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#MemberSpotlight on master of all trades Gareth Southwell

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How did you get into the industry?

I seem to have developed an eclectic skillset, and I’ve been switching back and fore between images and words my whole adult life. At 18 I chose words, bailing out of a foundation course in Art and Design for a degree in Philosophy and English, which later became a PhD in philosophy.

At some point I also got into teaching philosophy, and discovered that there were very few accessible books to engage students, so I started to write my own. However, I was still drawing, and sent off some caricatures to The Philosophers’ Magazine on spec.

That turned into a regular gig, and when I came to publish my first philosophy books the publisher agreed it was a good fit to use me to provide some illustrations for the cover and inside. And that’s more or less been the story ever since.

Most of my work still revolves around books – I do cover design, illustration and formatting for my own books, as well as offering those services to others.

Where are you based now and who do you work for?


I’m based in Swansea in Wales, UK. I’m freelance, so I work on a self-employed, job-by-job basis. These days, I get a lot of work from self-published authors, and not so much from traditional publishers, which was always a bit hit and miss anyway.

If you weren’t in your current industry, what would you be doing?

Probably in education, teaching or researching.

Can you explain your creative process? What makes it unique?

It used to be more laborious than it is. Once I got a brief, I’d start off with some rough pencil sketches. After some back and fore with the client, I’d refine these as I worked towards the finished artwork, which I would finish with inks, pencils and greyscale Copic markers.

Then, if the final work was to be colour, or would incorporate text or other graphics, I’d scan that and work on it with Photoshop. So, it was a hybrid traditional-digital method. Now, however, I work almost solely digitally, which has sped up my creative process immensely.

I resisted this move for years, thinking that I needed to stand out with a more distinctive style, but once I started getting regular cover work, and the Wacom Cintiq drawing tablet became more affordable, it just became more viable to do the whole process digitally. I’d played around with non-screen tablets before the Cintiq, but it was the ability to draw directly onto the screen that really made the difference.

And it’s so much quicker. Now, I just sketch straight on the screen, then fade the layer and refine the lines, and keep doing that until I’m happy. Also, clients often want tweaks and changes, and having to redraft parts of images with pencil and ink, then scan, was a huge pain in the arse. So, though part of me feels a little sad to make the move, I don’t think I’ll look back.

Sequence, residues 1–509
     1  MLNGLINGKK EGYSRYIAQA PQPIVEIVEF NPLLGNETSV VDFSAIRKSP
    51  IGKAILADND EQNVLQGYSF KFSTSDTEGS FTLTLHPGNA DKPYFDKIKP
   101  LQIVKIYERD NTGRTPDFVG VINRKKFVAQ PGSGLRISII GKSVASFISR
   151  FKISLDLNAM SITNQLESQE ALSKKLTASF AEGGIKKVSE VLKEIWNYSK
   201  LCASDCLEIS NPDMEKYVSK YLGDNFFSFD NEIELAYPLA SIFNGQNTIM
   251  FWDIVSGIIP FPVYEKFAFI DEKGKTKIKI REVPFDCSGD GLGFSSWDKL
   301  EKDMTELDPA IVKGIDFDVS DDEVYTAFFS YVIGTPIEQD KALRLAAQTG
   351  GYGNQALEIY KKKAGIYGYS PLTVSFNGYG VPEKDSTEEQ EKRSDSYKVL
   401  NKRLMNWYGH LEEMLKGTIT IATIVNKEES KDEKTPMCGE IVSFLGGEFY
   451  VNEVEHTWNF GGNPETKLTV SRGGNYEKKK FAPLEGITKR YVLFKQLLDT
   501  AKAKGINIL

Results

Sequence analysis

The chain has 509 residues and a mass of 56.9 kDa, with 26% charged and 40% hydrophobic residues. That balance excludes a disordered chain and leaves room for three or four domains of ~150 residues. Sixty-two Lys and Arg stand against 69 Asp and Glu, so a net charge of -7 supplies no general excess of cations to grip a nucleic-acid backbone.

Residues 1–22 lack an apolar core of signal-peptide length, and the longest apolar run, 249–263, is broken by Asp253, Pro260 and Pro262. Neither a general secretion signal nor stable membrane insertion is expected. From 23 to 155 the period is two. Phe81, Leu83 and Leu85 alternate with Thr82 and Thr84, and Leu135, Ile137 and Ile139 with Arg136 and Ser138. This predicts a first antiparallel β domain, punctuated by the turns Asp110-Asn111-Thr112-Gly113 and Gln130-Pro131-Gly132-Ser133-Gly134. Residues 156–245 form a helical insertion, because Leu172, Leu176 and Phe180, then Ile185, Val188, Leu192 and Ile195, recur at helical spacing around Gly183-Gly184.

How would you describe your style?


I’ve done a lot of caricature, some cartoon, and there’s a playfulness and humour that I try to bring to all my work. However, I would say that my preferred style is only slightly exaggerated – just enough to give me the freedom to accentuate things to give the image life.

I also like narrative illustration, images that tell a story, so I guess I’m well suited to book covers/illustration, and I enjoy the challenge of picking the right scene and composition to convey themes, events and characters.

Which individuals do you gain inspiration from? Do you have any heroes in the industry?

My favourite illustrators all have a certain exaggerated style. Early on it was comic book artists like Art Adams and Seth Fisher – I loved the painstaking detail, the monochrome crosshatching.

Later on, it was people like Victo Ngai, James Jean and Yoko Shimizu (not the Hello Kitty one!), so I guess I also like the Japanese aesthetic. I also love Chris Riddell’s work, and I’m amazed and envious at his facility for drawing – his productivity is incredible, and I wish I had that facility, but I’m quite painstaking and slow, though I’m speeding up.

What tips would you give to aspiring creatives looking for work?


This is hard to answer. Develop your style and aim to stand out for being the person who draws like you. This is similar to the advice given to writers to find their own “voice”, and both are hard but necessary journeys.

You can try to ape what’s successful, or another successful artist’s style, but I don’t really see the long-term merit in that. What happens when that style is no longer in vogue? So be you, whoever that ends up being, and become known for that. You’ll come in and out of vogue too, but there’ll be something unique that will draw some people to you.

That said, don’t be afraid to diversify and challenge yourself, try out different styles and personas, different media and processes – finding your style needn’t mean standing still.

What tips would you give to other professionals to get more clients?